OCR for page 165
Page 166 rate. In two other studies of terrorist attacks (Curran et al., 1990; Weisaeth, 1989) PTSD rates higher than 40 percent are reported. In addition to PTSD, many of the victims of a terrorist attack may suffer the death of family members, close friends, or work colleagues, which can lead to a complicated bereavement with its own elevated risk for depression, self medication, and substance abuse. Many studies indicate that depression is a common co-morbid condition with PTSD. Somatic sequelae to anxiety-related reactions have been reported in most studies of PTSD as well as following the Persian Gulf war. Carmeli, Liberman, and Mevorach (1994) reported that American veterans had a 38 percent prevalence rate of somatic symptoms, and Deahl et al. (1994) report a 50 percent prevalence of some ''psychological disturbance suggestive of PTSD" in British soldiers who handled and identified dead bodies of allied and enemy soldiers during the recent Gulf War. These reports suggest that chemical and biological terrorist attacks might cause high rates of PTSD and risks for physical illnesses and suicide, not only among rescue workers but especially among unprepared witnesses to grotesque sights and untrained "good samaritans" voluntarily joining rescue and first aid efforts. The early identification of persons at risk for long-term psychological effects is complicated by the fact that PTSD symptoms within a few days of a traumatic event have been shown to have low predictive validity by themselves for later psychiatric outcome (Shalev, 1992). Recording of signs and symptoms in the immediate aftermath of the traumatic event should certainly be supplemented by systematic recording of objective and subjective features of the terrorist attack and its aftermath by all who were at the scene. The latter sort of information has often been critical to post hoc "prediction" of long-term dysfunction. PTSD is difficult to treat, and even when treated shortly after onset, as was the case with the Japanese sarin victims, 30 percent of the patients required ongoing therapeutic treatment (Nakano, 1995). In addition to the need for rapid identification of those who may require immediate or long-term psychiatric treatment, neuropsychological testing is important to evaluating effects on cognition, memory, and personality as well as any possible organic sequelae from the chemical agents used in terrorist attack. Short-Term Effects of Terrorism (Acute Needs) At the acute stage of the aftermath of a biological or chemical terrorist attack, acute autonomic arousal and panic may result in both the victims and the emergency responders (Hazmat teams, police, fire, medical) incapacitating the assistance infrastructure. The severity of these anticipated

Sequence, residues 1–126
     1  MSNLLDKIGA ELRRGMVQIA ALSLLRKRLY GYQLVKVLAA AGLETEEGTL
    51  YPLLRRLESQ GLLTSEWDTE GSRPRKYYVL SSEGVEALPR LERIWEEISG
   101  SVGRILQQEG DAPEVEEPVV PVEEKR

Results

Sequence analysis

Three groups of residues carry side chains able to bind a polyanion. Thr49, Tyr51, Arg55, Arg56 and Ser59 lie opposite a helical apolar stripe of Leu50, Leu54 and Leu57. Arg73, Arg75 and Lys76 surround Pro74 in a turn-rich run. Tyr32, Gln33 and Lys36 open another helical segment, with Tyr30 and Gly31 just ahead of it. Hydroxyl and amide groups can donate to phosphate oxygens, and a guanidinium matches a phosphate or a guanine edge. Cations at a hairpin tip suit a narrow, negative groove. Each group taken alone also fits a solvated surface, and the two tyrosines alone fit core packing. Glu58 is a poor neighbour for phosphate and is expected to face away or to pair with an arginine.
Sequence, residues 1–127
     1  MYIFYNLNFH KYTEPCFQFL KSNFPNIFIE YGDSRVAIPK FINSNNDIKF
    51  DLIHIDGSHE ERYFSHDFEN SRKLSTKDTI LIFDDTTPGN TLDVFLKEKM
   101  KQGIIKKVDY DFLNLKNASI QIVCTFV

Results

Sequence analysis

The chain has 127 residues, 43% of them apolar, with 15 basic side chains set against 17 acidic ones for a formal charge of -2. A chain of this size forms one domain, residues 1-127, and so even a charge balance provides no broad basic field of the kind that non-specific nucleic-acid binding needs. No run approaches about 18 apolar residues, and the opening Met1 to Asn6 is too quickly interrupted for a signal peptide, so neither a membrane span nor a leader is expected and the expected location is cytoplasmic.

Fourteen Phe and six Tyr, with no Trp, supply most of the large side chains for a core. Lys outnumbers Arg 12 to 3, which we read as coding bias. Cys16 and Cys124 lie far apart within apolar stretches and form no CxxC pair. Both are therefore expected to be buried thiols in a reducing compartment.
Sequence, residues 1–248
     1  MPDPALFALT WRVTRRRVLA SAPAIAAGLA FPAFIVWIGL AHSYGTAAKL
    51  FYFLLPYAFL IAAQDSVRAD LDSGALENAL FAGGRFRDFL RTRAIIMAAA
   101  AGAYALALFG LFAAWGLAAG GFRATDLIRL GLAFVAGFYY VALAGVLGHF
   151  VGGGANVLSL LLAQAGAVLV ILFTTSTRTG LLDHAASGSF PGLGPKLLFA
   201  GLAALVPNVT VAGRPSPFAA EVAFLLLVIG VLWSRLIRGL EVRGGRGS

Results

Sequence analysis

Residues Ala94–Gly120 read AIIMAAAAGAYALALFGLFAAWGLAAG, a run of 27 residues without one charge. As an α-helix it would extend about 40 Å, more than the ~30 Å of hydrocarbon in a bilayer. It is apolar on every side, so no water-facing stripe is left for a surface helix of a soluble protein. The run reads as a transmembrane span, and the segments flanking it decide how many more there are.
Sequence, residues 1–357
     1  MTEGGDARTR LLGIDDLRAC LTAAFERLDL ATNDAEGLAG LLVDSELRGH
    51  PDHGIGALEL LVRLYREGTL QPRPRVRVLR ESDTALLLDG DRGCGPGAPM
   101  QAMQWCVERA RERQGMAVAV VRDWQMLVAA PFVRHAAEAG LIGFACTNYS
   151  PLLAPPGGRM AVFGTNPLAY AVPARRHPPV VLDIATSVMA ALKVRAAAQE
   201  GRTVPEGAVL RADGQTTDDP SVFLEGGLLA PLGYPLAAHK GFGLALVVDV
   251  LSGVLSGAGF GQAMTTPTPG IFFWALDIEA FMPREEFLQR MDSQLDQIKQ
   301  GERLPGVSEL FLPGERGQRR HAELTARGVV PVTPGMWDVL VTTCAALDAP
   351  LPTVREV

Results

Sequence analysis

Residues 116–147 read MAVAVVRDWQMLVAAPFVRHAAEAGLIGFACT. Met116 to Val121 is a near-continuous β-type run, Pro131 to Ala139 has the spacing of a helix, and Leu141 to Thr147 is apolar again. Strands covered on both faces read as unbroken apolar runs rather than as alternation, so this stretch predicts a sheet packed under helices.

OCR for page 165